Al Alborn

Al Alborn

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Somewhere around 500 BC, the Greek philosopher Heraclitus of Ephesus mused, “The only constant is change.” History between then and now certainly confirms this to be true.  Prince William County is a contemporary example.

A quick look at the county’s annual population estimates tells the story.  In 1980, Prince William’s population was 144,703.  It’s probably around 470,000 today.  By 2040, Prince William will be approaching 600,000.  

But the growth in our Hispanic population is most noticeable.  The 1990 census showed that 4.5% of the county’s population was Hispanic.   U.S. Census data as of July 1, 2018, estimates the Hispanic population at 24.2%.  It would be safe to assume this percentage will continue to grow.

I interviewed Stephanie Williams, executive director of the Spanish language public access show “Panoramalatino,” to talk about the community she serves.  “Panoramalatino” was created by Williams, a Prince William resident, after a preventable fire caused the deaths of a Hispanic family just before Christmas.   “Panoramalatino” provides practical information such as fire prevention by subject matter experts to Hispanics in their native language.

Williams shared that language is important. Considering that Hispanic residents make up a quarter of our population, it is critical that they have access to information about their health, safety, public services, law enforcement, and other topics in a language they understand.  That is the mission of “Panoramalatino.”  It is a vital link between the Prince William, Manassas and Manassas Park governments and this ever-growing segment of our community.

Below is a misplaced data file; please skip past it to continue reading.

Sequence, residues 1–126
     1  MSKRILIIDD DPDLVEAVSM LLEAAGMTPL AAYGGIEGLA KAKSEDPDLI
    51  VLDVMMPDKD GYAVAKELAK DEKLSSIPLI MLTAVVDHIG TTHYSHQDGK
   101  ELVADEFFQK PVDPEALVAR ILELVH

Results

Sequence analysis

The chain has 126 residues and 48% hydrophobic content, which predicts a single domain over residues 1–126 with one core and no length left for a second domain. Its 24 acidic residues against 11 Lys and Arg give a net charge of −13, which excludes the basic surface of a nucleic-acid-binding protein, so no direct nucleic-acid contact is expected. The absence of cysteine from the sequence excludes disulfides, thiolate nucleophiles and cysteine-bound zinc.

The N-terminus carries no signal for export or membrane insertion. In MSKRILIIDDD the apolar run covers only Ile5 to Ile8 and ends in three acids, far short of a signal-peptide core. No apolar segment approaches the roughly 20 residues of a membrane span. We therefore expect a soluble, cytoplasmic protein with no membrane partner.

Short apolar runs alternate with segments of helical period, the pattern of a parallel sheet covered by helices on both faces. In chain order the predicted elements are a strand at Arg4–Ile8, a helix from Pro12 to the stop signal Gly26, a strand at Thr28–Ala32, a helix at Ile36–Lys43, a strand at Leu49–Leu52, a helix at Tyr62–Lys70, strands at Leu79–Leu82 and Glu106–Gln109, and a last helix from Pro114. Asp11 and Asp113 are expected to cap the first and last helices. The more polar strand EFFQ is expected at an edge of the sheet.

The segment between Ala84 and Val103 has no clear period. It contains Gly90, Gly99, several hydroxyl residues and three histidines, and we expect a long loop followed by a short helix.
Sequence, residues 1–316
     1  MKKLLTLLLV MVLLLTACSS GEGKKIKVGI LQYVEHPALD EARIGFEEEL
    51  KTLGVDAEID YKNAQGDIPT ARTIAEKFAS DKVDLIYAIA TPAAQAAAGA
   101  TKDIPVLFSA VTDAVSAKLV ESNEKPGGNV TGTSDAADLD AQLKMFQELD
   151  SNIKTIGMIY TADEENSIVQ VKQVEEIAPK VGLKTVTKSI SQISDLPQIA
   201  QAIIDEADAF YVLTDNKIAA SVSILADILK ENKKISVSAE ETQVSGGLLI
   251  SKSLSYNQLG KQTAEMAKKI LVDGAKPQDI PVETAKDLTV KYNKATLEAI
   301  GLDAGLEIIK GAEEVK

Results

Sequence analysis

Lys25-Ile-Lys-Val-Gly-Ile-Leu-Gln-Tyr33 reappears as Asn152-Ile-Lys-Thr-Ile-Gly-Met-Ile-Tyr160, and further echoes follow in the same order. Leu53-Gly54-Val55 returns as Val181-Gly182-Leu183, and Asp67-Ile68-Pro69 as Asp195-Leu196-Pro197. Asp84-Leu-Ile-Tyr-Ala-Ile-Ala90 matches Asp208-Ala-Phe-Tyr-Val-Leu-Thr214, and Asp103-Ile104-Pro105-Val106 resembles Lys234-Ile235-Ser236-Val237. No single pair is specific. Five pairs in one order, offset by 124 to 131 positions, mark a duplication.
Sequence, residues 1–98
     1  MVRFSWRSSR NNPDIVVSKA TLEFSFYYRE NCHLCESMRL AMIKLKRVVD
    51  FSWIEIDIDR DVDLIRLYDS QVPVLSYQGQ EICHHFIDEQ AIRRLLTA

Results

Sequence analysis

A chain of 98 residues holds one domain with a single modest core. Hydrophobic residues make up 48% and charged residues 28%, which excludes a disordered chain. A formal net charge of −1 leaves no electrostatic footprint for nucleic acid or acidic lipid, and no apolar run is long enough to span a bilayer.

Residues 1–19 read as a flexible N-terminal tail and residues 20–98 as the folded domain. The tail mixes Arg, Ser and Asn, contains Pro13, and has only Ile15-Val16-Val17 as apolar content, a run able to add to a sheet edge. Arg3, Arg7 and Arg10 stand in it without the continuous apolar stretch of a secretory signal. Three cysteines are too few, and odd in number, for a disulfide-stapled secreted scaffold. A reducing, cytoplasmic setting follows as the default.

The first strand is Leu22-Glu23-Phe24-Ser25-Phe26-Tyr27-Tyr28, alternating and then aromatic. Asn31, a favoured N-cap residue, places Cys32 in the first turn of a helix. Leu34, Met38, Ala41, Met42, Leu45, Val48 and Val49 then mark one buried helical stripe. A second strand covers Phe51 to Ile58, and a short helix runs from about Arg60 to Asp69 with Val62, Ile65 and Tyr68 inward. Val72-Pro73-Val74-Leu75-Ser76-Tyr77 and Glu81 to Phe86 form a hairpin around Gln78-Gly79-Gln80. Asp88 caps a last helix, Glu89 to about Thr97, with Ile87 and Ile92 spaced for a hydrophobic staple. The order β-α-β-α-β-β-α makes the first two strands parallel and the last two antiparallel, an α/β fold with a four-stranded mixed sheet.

That struck me as government’s job, so but Williams doesn’t think it is doing a particularly good job.  

 “Certain department heads in PWC government do not appear to embrace diversity,” Williams said. She stressed that one must understand the culture and language before trying to translate government information into Spanish.  Williams said some people don’t understand the need for qualified, professional translators.  Some of the mistakes she has encountered in “amateur” attempts to translate have been amusing.  Others not so much.

Williams is aware of the growing economic and political power of the county’s Hispanic community.  Businesses would be well advised to seek professional help when marketing to and translating for this community.  

As the election approaches, “Panoramalatino” will cover voting information.  Evelyn BruMar, a local community activist, will be providing information about who can vote, when to vote, who can interpret for voters who can’t speak or read English, and the process.  This information will be shared on shows scheduled for the next three Fridays and in future programs between now and November.